Millions have heard his recordings since he recorded on Michael Jackson's Bad albums. He played keyboards and synthesizers on the quadruple platinum #1 hit "Black or White" from Jackson's Dangerous album, it was included on HIStory, Number Ones and three video/DVDs. He is the featured harmonica soloist on "Streetwalker", a Bad outtake which appeared on Bad 25, as a bonus track on the 2001 Bad Special Edition reissue, as the flip-side to the UK hit "Cry". Five of Michael Jackson's solo albums – Off the Wall, Bad, Dangerous and HIStory are among the top-sellers of all time and Martz appears on three of the five releases, he has recorded and toured with Frank Zappa, the Japanese progressive rock group The Far East Family Band, helped arrange Starship's #1 hit, "We Built This City" with Grammy award-winning producer Bill Bottrell. Bottrell has said Martz "...brought an immediacy and a rock & roll fire" to the Michael Jackson recordings.. In an interview in the New York Times in 2005, Martz said his music is sometimes wild and not for the faint of heart.

He composed and produced a contemporary classical symphony for the 115-member The Intercontinental Philharmonic Orchestra and Royal Choir. The Pillory/The Battle is a 2-CD set released in 2005 and 2007 and features 2½ hours of Mr. Martz's music. Searching for musical inspiration, Martz climbed to the refugio on Ecuador's Mount Cotopaxi–the world's tallest active volcano; when he descended the steep slope, he tripped and began a tumble. Martz has said he had an epiphany for the symphony; the music explores the Charles Darwin theory of evolution on the earth 200 million years into the future. It was reported in the New York Times that Mr. Martz said "after the tumble, a wild idea came to me of what the symphony should be."Martz conducted a 40-piece orchestra, the Neoteric Orchestra, in his critically acclaimed first avant-garde symphony The Pillory. The CD features members of Frank Zappa's band Ruth Underwood, Eddie Jobson, has received hundreds of international reviews and has been called a contemporary masterpiece.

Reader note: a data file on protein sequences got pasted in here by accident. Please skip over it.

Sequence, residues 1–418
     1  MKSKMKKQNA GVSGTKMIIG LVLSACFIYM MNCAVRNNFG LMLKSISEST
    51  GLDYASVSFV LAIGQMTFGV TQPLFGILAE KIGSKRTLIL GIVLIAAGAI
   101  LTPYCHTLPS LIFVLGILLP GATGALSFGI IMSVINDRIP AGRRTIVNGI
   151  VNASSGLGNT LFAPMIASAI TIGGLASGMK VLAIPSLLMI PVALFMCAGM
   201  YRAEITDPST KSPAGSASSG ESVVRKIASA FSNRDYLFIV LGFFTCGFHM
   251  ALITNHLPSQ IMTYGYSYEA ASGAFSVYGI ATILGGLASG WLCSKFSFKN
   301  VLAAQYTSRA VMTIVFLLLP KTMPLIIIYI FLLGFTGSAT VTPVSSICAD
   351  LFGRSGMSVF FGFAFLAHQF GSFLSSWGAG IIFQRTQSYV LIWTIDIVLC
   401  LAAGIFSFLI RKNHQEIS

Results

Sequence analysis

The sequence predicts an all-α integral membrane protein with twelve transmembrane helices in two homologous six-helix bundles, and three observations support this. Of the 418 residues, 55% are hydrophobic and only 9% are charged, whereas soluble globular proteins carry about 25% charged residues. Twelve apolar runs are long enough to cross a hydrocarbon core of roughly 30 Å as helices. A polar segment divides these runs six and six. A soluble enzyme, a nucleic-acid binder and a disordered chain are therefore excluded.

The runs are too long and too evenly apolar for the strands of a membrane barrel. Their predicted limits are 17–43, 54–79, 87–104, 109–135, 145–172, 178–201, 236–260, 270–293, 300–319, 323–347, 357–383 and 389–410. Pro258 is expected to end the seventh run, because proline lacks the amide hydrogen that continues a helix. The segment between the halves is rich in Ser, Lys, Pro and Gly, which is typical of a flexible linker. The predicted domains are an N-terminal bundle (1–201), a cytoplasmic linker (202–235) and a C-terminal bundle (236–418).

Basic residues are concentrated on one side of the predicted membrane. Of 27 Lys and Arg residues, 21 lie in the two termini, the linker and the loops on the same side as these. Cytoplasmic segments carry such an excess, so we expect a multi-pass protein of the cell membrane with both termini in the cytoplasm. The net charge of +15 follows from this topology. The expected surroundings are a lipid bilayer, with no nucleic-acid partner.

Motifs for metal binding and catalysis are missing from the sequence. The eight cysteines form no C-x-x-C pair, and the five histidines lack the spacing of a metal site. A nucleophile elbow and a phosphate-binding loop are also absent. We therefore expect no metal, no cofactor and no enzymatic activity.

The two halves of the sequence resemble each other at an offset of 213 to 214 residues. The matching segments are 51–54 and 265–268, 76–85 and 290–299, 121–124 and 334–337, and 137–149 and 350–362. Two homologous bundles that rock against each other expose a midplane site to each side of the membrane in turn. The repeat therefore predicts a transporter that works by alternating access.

Billboard Magazine reviewed The Pillory as a "Top Album Pick" and it was featured in Canadian director Francois Miron's film Resolving Power. Martz has composed for film and advertising. Martz is an internationally known New York based Creative Director in the beauty and fashion industries, he has created advertising campaigns for major brands such as Max Factor, Revlon, Procter & Gamble, Neutrogena and many others. An inventor, Martz is the creator and owner of many trademarks and patents, he was most awarded a United States patent for his invention of a sponge storage and disinfecting device. Martz studied at the University of Los Angeles. Jasun Martz has lived in New York since 1997. Love Thy Neighbor Kenise Barnes Fine Art Gallery, New York, August – September 2011 Harlem Art Project Saatchi & Saatchi, New York City December 2003 In Dim Light A five-year retrospective SPA, New York City October 2002 Oblivious Gallery @ 135, New York City March 13 – April 1, 2001 Under the Asphalt Siberia Gallery, New York City July 21 – August 20, 2000 Faces in the Dark Sash Gallery, Glen Ridge, New Jersey, September 7 – October 30, 1999 About Face Los Angeles Municipal Art Gallery, Los Angeles July 10 – September 1, 1996 Under LCA/LA Galleries, Los Angeles 1994 Underground LAM Gallery, England 1986 Michael Jackson "Bad 25" featured solo harmonica The Arts, the Intercontinental Philharmonic Orchestra, "The Victory Fanfare" composer, producer The Intercontinental Philharmonic Orchestra.